Darkness in some form or another has been something Allan has dealt heavily in before the loss of Angela, though. In his earliest days of recording on a large scale, Allan regularly sang with a sadness that he barely kept hidden. Sometimes the darkness was hit-you-over-the-head obvious, and while at other times much less so. Allan's even used darkness as a tool instead of a thematic feeling or vibe. He'll bring his truckload of hits to the Valley on October 6 to help kick off this year's Arizona State Fair’s concert lineup. Kelly Dearmore
Friday, October 6
Shady Park in Tempe
DJ, producer, frontman for the Ancient Moons, label boss, and epic party organizer, Damian Lazarus is one of the most revered and respected figures not just in underground house music but in the U.K. dance scene in general. Like a Dylan Thomas poem come to life, Lazarus has built a career out of not going gently into that good night, burning and raving from sunup to sundown.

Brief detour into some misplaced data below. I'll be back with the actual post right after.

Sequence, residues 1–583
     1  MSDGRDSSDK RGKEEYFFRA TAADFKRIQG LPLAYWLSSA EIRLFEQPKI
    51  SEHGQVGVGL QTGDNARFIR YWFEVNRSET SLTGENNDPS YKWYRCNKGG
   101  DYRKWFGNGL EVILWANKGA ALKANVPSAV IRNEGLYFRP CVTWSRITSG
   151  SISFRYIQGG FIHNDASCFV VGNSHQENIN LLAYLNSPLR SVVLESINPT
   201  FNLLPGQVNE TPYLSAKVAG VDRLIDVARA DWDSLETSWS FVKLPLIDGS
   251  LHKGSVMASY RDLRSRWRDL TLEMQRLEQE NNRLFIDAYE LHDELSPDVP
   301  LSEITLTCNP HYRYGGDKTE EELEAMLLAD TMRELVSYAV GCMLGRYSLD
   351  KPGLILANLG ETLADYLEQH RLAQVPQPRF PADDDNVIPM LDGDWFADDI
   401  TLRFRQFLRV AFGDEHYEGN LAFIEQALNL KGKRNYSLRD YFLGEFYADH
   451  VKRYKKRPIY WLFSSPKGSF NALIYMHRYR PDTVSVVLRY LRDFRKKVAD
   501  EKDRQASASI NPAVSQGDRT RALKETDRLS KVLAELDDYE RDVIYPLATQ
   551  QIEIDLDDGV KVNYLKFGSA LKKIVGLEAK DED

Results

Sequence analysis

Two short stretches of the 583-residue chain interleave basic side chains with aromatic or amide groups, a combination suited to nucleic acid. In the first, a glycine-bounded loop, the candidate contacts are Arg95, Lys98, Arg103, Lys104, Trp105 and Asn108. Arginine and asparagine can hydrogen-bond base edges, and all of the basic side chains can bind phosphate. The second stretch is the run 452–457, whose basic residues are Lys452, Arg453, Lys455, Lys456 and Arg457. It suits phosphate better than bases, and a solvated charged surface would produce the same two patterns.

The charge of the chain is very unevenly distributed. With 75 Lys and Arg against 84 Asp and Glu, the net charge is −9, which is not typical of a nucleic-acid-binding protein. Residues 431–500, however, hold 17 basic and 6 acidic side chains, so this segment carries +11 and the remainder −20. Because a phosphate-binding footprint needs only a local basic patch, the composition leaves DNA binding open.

As leader of Crosstown Rebels, a gathering of like-minded artists that goes well beyond merely being a label, Lazarus has cultivated a party culture that toes the line between celebratory and spiritual. Through his globe-trotting series of pop-up parties – Rebel Rave, Day Zero, and Get Lost – Lazarus is like a mystical, dance music missionary spreading the gospel of BPM.
This weekend, Lazarus will mingle with the masses during a special show at Shady Park in Tempe, which will feature opening sets by Michelle Sparks and DJ duo Turner & Heit. Angel Melendez